At this hour, before provisional ballots are counted, the margin in Florida's 18th congressional district is 2,456 votes. Patrick Murphy, a first-time candidate backed by tons of family money, leads Rep. Allen West by nearly five times the margin by which George W. Bush beat Al Gore, statewide. The district, which contains some of Palm Beach County and some conservative environs to its north, was chosen by West because it seemed more safely Republican than his old seat. And he's going to lose it.
Rep. Mary Bono Mack. The widow of Sonny Bono and husband of Rep. Connie Mack represented a tweaked district in Riverside County, with a Hispanic population that's grown steadily. She lost by nearly 5,000 votes, as her husband lost his Senate bid in Florida, the first time this has ever happened. Her race was a warning of demographic doom. His was all that, plus a lesson in how little good Super PACs can do for a lousy candidate.
Colorado Speaker of the House Frank McNulty. His party spun and spun and spun the early vote, insisting that improved turnout among Republicans had effectively swung the state. But his Republicans lost control of the legislature, thanks to the sustained surge in Hispanic/Democratic turnout. In Minnesota, in New Hampshire, in Maine, in Oregon, the same thing happened -- Democrats took back state chambers that they'd lost in the 2010 wave. In Arizona and Florida, they won enough seats to erase Republican supermajorities. In California, they won legislative supermajorities. The only places where they backslid out of control were Arkansas, with huge Romney coattails, and Wisconsin, where Democrats struggled against a gerrymander.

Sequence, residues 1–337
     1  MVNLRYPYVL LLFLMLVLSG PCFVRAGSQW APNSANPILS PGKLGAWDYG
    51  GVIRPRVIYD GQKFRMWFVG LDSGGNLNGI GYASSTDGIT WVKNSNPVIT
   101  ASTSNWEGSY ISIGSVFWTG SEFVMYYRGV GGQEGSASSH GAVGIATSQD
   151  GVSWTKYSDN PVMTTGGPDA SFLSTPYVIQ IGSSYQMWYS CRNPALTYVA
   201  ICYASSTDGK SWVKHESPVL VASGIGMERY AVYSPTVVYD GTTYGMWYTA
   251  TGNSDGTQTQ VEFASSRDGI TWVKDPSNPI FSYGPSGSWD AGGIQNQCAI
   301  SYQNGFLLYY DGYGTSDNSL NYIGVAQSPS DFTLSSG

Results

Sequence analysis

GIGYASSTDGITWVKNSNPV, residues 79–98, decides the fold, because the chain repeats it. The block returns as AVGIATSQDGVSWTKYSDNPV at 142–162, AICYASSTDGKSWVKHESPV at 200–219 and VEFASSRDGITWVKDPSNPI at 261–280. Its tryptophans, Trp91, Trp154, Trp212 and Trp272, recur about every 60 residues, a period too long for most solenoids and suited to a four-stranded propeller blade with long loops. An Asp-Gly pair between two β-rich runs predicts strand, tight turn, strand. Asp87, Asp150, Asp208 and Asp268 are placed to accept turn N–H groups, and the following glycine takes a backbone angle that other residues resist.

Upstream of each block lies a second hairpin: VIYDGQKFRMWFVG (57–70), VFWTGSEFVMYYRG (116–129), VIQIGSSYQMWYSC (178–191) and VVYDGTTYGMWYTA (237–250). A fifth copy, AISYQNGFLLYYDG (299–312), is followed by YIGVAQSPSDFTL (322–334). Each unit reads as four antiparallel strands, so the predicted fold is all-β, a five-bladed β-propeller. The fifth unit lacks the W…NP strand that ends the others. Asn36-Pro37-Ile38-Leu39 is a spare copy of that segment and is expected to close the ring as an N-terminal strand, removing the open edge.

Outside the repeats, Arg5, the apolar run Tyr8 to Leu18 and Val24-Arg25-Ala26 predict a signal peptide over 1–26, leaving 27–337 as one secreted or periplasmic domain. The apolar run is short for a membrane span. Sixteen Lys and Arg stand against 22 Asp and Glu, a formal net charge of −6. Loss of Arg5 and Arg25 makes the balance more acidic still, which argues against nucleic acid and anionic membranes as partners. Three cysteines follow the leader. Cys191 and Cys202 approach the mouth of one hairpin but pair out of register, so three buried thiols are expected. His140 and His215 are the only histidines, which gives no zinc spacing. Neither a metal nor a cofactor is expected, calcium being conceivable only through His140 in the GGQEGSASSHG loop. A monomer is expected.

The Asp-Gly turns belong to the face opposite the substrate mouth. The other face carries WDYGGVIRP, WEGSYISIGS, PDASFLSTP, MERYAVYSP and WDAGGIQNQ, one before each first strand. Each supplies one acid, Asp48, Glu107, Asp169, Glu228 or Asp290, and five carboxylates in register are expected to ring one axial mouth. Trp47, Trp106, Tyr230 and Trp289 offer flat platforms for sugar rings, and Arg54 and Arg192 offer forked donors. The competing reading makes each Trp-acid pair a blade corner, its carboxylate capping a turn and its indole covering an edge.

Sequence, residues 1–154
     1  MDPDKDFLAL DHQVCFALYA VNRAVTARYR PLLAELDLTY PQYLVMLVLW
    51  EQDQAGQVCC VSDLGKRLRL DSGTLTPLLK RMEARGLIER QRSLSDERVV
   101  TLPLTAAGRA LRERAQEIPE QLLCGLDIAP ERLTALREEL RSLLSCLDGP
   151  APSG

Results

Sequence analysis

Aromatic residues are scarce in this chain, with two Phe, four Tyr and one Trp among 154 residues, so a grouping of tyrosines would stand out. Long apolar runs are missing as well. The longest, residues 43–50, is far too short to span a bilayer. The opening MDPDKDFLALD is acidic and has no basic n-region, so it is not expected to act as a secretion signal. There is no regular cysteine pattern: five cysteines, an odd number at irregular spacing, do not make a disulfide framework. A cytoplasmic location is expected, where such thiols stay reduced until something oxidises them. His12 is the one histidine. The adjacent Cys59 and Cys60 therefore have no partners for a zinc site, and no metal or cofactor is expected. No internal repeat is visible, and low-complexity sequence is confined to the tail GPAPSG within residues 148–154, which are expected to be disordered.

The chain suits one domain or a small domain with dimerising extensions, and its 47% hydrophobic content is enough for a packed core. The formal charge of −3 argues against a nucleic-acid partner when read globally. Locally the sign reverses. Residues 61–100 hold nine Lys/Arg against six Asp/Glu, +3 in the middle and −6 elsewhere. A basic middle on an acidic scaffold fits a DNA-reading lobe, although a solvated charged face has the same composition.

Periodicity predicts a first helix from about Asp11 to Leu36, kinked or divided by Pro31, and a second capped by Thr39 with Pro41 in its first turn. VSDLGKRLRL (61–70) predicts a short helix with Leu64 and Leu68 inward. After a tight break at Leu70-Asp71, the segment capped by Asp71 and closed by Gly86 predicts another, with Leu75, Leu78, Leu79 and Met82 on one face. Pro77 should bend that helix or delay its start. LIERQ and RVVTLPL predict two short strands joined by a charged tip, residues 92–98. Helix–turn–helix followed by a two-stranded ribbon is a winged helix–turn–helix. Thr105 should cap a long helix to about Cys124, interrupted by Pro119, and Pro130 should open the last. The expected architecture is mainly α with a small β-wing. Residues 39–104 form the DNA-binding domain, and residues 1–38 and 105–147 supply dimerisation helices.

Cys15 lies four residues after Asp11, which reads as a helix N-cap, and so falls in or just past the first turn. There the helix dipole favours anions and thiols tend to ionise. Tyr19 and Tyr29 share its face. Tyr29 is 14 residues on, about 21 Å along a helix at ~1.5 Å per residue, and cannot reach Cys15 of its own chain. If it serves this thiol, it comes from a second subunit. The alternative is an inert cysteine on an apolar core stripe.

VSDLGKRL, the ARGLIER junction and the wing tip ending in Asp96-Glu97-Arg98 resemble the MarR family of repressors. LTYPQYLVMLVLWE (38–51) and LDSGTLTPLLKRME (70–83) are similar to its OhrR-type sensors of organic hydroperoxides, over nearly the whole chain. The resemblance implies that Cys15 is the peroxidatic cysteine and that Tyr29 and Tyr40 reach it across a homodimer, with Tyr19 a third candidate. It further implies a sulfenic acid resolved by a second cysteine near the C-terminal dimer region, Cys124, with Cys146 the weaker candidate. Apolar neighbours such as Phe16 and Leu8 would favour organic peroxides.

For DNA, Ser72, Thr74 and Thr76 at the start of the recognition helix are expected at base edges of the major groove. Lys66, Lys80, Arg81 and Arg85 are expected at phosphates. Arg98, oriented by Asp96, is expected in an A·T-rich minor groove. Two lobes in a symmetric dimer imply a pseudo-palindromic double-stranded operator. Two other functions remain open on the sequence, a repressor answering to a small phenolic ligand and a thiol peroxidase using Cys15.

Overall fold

Rep. Rick Berg and Gov. Linda Lingle. Back in January, the Hotline ranked North Dakota as the Senate seats most likely to change parties. "Unless Rep. Rick Berg royally screws up," they analyzed, "he'll remain the heavy favorite." He didn't really screw up, apart from one meandering interview about abortion rights. He lost, running 10 points behind Mitt Romney. Actually, Romney also cut ads for Utah's Mia Love, Indiana's Richard Mourdock, and Arizona's Jeff Flake. Romney carried all of their areas, but only Flake won. As for Lingle, the popular former governor of Hawaii was a star GOP recruit, a fundraising machine backed by the Chamber of Commerce, who was supposed to make the state's open seat Senate race competitive. She lost by a landslide, more than 100,000 votes.
I'm hearing less "No Mandate!" spin than I did yesterday. Makes sense. As the provisional ballots get counted, it's just going to be impossible to argue that the country didn't make a turn from 2010 and vote for Democrats who wanted to raise some taxes.
(Kudos to Carolyn Fiddler, who's been tracking the state legislative races.)